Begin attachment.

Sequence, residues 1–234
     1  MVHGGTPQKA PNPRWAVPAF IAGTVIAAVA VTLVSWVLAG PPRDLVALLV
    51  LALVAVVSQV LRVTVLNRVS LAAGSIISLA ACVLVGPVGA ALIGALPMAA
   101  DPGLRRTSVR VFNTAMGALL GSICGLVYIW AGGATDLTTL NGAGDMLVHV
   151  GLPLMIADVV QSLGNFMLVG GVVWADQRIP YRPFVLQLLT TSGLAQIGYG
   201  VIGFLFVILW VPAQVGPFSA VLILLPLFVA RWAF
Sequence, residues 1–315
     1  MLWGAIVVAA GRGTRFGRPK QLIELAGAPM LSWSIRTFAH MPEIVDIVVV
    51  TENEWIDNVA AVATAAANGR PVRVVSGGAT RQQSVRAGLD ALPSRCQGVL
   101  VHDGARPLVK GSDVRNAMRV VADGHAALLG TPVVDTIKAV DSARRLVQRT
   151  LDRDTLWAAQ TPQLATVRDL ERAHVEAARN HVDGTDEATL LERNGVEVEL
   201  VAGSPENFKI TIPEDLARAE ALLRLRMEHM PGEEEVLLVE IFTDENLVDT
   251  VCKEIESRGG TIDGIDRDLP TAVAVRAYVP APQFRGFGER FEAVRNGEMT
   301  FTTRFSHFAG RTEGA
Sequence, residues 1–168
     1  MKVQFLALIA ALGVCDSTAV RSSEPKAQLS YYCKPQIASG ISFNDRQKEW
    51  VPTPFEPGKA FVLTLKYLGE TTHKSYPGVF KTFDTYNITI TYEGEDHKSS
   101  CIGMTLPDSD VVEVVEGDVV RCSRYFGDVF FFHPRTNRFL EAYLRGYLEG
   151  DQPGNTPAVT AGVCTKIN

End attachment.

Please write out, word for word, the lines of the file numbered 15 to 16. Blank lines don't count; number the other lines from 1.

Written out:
Sequence, residues 1–168
     1  MKVQFLALIA ALGVCDSTAV RSSEPKAQLS YYCKPQIASG ISFNDRQKEW